Date of Award


Document Type


Degree Name

Master of Science (MS)


School of Communication

First Advisor

John Baldwin


This study investigates South Asian Muslim women’s interpretation of religious scripture and the women’s agency to influence the contemporary patriarchal religious culture. Previous research indicates that the religious customs of the region follow traditional orthodox Islamic scripture that promotes patriarchal practices, yielding barriers for women in the family, education, and professional sectors. Based on an understanding of the religious education system, the history of traditional orthodox Islamic practice, and traditional gender role expectations of the region, I use structuration theory to understand South Asian Muslim women’s identity negotiation and the agency they perceive regarding their ability to influence the society. I interviewed 17 Muslim women from four countries (Bangladesh, India, Pakistan, and Indonesia) of South and South East Asia. Results indicate that there is a gap between gender role expectations of the region and the Muslim women’s interpretation of the religious scripture. While these women believe that Islam empowers them, the current social practice is patriarchal, and the women do not have an adequate agency to voice their differing ideologies. Findings support the idea that the region is male dominant, and women are practicing their agency within the boundaries of the patriarchal system by self-education, research, and educating their inner circle.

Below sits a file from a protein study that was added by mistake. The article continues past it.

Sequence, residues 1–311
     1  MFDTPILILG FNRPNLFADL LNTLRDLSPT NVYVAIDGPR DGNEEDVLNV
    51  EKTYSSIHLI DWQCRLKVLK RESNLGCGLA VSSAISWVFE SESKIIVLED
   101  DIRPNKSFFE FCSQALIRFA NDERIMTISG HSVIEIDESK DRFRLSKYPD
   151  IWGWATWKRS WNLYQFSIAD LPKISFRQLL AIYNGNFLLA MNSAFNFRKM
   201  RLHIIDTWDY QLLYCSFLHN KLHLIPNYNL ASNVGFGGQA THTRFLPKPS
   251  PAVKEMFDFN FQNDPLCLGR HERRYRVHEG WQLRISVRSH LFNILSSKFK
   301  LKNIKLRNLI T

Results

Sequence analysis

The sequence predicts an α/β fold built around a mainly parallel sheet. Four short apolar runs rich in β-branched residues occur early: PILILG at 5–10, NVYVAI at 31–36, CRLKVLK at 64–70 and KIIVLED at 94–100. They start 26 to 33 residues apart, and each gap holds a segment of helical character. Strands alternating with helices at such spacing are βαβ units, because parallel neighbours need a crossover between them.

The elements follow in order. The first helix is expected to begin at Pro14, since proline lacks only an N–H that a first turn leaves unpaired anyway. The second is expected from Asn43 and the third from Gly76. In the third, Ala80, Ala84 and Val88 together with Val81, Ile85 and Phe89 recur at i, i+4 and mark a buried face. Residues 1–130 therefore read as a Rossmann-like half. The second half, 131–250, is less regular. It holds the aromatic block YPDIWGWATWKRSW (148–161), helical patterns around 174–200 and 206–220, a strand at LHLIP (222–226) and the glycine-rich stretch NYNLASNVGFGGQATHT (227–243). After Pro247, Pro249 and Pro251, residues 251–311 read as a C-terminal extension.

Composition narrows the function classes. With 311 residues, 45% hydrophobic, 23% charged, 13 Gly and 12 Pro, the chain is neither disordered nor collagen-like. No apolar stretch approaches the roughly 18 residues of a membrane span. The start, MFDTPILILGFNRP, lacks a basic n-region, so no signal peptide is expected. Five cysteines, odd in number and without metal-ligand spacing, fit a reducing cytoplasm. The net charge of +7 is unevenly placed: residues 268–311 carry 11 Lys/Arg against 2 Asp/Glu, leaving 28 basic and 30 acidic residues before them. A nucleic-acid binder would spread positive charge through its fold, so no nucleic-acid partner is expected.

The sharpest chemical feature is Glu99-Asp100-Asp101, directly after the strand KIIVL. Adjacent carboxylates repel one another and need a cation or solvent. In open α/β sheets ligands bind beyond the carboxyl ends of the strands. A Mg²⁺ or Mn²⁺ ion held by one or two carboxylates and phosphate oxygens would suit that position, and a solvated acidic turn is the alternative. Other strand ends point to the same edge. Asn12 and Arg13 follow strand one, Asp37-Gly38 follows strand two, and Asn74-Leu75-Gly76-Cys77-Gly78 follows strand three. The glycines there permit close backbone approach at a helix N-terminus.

Imported from Tasmin_ilstu_0092N_11873.pdf


Page Count


Included in

Communication Commons